Recently Barack Obama was quoted as saying that his Patient Protection and Affordable Care Act (PPACA) as amended didn't take a "thin dime" from seniors. Since Obama's PPACA is going to put Medicare Part C (Advantage) plans out of business and I am a Part C beneficiary, I thought I'd try to figure out how many thin dimes I was going to lose out of pocket (OOP) as Obamacare forces me to transition over to fee for service (FFS)-based "Medicare as we know it."
Here's a work in progress illustration looking at the differences in my costs OOP in my legal county of residence for 2012 had I been on Traditional Medicare Parts A and B instead of my being on Medicare Parts A, B and C:
It's so many thin dimes it adds up to thousands of dollars annually (y-axis).
I threw a couple of scenarios into my analysis, comparing someone with a high incidence of receiving health care services (blue) and a low incidence (maroon) and compared three types of plans: Traditional Medicare Parts A and B vs. basic Medicare Part C vs. the best Medicare Part C. I used the plans available in my county. (Remember Medicare is different in every county in the country but I believe this illustration works directionally for everyone.)
The illustration shows that I would have spent almost twice as much out of pocket if I had a high incidence of healthcare service needs in 2012 on the Democrats' "Medicare as we know it" as I would have spent out of my pocket on Part C. The numbers are about the same for a basic and the best Part C plan (I have a couple of dozen to choose from in my legal county of residence) because of the types of services I put in my model. In general as the incidents rise (as if I could forecast that), the better Part C plan also gets better for me financially.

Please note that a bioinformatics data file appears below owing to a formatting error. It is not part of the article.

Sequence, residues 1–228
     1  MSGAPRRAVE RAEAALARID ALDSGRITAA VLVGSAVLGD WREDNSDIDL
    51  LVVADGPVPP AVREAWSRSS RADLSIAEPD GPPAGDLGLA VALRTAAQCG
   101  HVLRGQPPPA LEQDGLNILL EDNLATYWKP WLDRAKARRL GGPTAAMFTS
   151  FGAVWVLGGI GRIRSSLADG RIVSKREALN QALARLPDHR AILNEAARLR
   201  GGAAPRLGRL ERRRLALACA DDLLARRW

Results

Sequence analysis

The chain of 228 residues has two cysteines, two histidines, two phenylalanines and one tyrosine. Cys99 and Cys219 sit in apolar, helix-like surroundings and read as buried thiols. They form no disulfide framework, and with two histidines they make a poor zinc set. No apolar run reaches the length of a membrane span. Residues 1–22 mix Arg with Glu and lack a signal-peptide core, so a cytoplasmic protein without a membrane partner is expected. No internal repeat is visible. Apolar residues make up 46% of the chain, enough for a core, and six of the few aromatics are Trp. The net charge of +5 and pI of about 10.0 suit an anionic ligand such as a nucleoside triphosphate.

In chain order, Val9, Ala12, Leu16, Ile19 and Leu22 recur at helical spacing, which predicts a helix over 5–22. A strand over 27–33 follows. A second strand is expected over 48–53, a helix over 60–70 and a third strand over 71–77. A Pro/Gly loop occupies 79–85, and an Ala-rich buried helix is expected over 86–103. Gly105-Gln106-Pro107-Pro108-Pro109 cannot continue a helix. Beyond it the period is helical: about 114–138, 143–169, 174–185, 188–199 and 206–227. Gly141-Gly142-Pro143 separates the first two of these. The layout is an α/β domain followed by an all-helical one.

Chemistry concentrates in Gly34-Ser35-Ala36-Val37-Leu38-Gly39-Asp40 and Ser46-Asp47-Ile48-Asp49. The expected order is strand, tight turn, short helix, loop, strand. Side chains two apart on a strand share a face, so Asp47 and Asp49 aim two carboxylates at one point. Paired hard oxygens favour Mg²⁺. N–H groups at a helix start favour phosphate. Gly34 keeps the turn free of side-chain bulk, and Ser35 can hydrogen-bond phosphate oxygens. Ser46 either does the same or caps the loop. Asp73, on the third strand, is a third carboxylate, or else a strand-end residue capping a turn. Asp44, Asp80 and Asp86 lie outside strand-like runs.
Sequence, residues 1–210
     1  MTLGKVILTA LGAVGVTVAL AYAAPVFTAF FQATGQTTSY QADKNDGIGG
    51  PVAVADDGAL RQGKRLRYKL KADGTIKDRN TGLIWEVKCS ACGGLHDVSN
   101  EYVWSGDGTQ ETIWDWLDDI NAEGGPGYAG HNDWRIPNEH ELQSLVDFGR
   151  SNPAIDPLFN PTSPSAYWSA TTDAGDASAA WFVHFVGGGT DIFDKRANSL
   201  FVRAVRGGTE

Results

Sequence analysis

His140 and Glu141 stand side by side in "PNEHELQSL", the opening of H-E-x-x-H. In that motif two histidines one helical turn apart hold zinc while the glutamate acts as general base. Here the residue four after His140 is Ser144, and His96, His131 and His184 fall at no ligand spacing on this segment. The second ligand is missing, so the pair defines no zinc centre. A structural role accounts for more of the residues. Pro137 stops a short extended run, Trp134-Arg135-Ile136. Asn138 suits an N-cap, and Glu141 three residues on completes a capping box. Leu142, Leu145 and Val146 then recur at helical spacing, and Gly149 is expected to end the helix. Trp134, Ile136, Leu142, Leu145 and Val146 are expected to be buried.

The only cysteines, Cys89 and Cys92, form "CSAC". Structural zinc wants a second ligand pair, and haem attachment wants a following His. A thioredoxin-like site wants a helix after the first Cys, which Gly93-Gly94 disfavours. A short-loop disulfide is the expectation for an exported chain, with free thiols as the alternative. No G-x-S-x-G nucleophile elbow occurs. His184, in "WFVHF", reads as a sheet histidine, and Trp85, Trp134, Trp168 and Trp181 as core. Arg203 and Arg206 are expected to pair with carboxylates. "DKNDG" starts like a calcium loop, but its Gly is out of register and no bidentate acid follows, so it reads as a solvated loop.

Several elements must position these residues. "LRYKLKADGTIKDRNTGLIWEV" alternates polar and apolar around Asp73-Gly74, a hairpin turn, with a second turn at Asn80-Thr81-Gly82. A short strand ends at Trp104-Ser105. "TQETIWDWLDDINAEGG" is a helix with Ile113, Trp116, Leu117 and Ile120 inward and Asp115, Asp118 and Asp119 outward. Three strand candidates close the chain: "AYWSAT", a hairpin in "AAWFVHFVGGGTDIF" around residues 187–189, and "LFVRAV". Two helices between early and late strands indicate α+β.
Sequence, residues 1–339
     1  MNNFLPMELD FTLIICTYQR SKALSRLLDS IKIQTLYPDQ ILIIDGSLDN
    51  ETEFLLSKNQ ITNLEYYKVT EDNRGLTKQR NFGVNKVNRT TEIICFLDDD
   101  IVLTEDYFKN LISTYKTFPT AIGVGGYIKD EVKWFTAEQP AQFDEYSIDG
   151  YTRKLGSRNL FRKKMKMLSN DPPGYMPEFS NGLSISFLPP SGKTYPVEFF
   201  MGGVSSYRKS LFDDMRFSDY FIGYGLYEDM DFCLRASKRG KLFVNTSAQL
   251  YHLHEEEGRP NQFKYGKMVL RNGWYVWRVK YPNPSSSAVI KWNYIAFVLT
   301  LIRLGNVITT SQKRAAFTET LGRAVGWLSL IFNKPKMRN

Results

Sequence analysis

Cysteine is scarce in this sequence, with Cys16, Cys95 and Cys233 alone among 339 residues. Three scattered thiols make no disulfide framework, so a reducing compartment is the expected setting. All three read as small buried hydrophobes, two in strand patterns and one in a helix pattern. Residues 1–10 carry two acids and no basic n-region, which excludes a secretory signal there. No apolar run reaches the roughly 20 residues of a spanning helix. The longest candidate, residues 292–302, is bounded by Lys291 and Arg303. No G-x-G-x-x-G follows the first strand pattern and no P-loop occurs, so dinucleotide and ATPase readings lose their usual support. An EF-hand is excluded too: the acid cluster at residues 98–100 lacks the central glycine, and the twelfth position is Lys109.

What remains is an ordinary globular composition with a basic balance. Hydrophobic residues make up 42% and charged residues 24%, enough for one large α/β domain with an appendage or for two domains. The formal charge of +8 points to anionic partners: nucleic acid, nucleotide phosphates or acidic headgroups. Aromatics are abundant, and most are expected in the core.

If your needs for healthcare services are low, the differences are much smaller in absolute dollars but still quite different in percentage terms.
(Oh by the way, the government costs for Medicare Part C beneficiaries -- as opposed to my OOP costs -- are fixed per capita every year, which is one of the reasons the government in 2003 wanted a Part C kind of system. On the other hand, for the Traditional Medicare approach the government can spend an unpredictable tens of thousands of dollars for the high incidence senior (of course it can spend next to nothing too on other seniors). I can't model the government's cost as well as I would like because the Medicare bureaucracy does not make what it pays providers very transparent.)
-- Dennis Byron
NOTE: Most of the money cut by PPACA is not to Medicare Part C but from providers such as hospitals and nursing homes billing through Traditional Medicare Parts A and B, "Medicare as we know it." That's right, despite the way his press releases read, Obama screwed the people on the Medicare plan he likes more than he screwed those of us on the plan he hates. It is hard to figure by how much those PPACA cuts to providers will affect seniors until after the fact. But it sure must be insulting to Democrat-leaing seniors to have the liar in chief tell you "not at all."